Sunday, February 22, 2015

What is it with all the Black Pain movies?

The weekend the film was released, my family and I went to see the movie “Selma”. It was great acting all the way. I thought the actors and actresses who portrayed their respective characters were awesome. I encourage that parents take their children to see the movie as it is inspired by an actual event. I say inspired instead of based because with every Hollywood picture, there always is an element of fiction. Nevertheless, the march from Selma to Montgomery was real as was the pain and suffering of those that fought and died for the right to vote.

And in talking about Hollywood, I’ve noticed there has been a certain trend. It seems that the most critically acclaimed movies that the press and Hollywood push featuring an all black cast have to do with pain and suffering. When we look at movies such as “12 Years A Slave”, “Django Unchained”, “Precious”, “The Help”, and “The Butler”, these movies have a certain theme where Black Americans are portrayed as being in pain or suffering some how.

Why don’t we see more movies like “ This Christmas”, “Crooklyn” or “The Best Man Holiday” where we see the love of a black family, a successful black family? Not to suggest that the characters portrayed are perfect, but they tend to avoid stereotypes we are so accustomed to see in a prejudice medium. These movies were not pushed or promoted, as were the other movies by the mainstream press.  In some instances, a theme promoting the love of a strong black family or couple has been ignored by the mainstream.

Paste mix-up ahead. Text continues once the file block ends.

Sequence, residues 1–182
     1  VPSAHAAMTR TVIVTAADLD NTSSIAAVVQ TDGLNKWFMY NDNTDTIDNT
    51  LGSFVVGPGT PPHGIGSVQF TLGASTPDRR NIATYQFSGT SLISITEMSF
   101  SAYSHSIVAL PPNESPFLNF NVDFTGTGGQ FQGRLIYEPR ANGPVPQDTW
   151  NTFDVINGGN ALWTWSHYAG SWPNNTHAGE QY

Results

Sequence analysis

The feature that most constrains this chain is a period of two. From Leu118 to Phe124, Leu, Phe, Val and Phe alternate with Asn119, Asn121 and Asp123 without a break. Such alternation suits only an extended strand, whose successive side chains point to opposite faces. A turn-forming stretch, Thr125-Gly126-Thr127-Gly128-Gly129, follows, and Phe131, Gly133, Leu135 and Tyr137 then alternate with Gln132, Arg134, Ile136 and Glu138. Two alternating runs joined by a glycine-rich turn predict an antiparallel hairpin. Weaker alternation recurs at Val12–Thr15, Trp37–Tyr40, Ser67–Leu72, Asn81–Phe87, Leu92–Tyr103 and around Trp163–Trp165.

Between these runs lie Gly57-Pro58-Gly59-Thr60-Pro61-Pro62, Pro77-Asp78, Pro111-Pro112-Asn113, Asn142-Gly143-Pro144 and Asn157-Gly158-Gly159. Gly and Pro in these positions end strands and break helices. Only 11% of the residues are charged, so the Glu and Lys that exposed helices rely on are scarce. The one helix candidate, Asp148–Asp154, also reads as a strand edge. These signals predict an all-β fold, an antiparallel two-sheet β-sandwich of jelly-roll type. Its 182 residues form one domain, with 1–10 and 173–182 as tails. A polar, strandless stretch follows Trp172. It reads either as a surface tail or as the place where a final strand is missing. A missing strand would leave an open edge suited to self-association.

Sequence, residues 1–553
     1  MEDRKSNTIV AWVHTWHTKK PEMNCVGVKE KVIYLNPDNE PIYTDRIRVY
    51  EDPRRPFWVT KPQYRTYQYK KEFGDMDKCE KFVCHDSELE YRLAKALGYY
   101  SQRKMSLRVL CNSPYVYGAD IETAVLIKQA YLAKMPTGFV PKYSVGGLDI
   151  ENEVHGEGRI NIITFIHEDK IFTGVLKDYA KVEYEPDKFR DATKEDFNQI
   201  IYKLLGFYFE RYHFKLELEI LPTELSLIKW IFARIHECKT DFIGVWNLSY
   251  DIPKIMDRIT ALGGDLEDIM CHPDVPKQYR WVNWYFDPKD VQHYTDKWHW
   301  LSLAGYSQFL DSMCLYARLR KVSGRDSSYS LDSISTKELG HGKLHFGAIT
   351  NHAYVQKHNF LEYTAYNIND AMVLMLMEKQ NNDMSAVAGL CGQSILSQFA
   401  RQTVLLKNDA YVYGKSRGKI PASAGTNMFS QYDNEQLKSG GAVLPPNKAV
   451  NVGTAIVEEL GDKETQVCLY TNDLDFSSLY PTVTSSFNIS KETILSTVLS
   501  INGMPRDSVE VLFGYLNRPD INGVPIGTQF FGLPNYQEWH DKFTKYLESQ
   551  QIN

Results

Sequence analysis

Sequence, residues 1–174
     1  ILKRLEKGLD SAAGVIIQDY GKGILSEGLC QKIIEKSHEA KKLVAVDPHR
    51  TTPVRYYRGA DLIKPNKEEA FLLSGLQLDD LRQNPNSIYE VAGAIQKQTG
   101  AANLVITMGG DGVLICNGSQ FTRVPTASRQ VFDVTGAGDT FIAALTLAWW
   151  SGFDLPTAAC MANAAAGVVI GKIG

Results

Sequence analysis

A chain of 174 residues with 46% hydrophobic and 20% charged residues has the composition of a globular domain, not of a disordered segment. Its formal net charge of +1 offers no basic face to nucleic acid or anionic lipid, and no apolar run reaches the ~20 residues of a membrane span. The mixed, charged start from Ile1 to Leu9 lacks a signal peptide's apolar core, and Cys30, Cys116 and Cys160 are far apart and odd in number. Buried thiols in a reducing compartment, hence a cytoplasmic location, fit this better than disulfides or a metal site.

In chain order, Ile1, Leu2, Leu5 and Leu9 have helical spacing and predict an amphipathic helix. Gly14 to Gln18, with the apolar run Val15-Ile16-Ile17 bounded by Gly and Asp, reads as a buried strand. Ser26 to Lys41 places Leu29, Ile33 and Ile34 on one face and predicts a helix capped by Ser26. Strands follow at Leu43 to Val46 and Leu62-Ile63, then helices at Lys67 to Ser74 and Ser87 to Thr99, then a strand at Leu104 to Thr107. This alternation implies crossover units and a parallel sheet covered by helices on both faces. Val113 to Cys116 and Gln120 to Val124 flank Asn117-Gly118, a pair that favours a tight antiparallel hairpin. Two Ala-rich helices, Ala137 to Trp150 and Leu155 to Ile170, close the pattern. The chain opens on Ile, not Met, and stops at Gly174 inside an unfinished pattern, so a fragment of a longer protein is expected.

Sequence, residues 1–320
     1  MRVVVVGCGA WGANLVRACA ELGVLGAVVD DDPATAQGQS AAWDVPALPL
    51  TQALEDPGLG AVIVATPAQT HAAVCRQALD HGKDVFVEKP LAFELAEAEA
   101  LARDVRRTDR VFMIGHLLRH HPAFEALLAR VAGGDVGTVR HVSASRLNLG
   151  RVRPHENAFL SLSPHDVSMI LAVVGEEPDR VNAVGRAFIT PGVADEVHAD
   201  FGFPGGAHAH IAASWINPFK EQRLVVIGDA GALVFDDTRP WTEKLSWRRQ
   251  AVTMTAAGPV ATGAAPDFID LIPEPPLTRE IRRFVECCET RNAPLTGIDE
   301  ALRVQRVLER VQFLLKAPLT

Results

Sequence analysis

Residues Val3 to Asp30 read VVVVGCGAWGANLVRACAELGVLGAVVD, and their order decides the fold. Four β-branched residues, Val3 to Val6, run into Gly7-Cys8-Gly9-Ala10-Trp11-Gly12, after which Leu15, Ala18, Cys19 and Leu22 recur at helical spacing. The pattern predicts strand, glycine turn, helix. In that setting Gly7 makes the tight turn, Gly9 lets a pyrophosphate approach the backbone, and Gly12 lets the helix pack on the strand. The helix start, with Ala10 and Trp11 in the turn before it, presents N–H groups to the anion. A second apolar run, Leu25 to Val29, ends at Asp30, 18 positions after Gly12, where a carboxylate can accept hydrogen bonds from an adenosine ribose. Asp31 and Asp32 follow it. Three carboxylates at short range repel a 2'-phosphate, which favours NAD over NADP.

Now, my review is not to discourage people from seeing this film. All of the actors, including David Oyelowo, Tom Wilkinson, Carmen Ejogo, Wendell Pierce and Oprah Winfrey did a fantastic job. The movie highlights the struggle that Black Americans had to overcome as human beings. As I was watching the film, I was reminded of how far we still have to go, vis-à-vis Ferguson and New York.  

My commentary is to point out that as Black Americans, we should be demanding to see our own stories. Why can’t we see the story of Mansa Musa, the richest king that ever lived from the Kingdom of Mali? Why not tell the story of the Carthaginian General Hannibal, who defeated the Roman Army by marching through the Swiss Alps.  When movies like “Exodus: Gods and Kings” are released that “white-out” the role Africans made in developing the world, we often complain why we are not in the movie. Maybe because we let someone dictate who we are and what we should watch instead of doing the exact opposite.  

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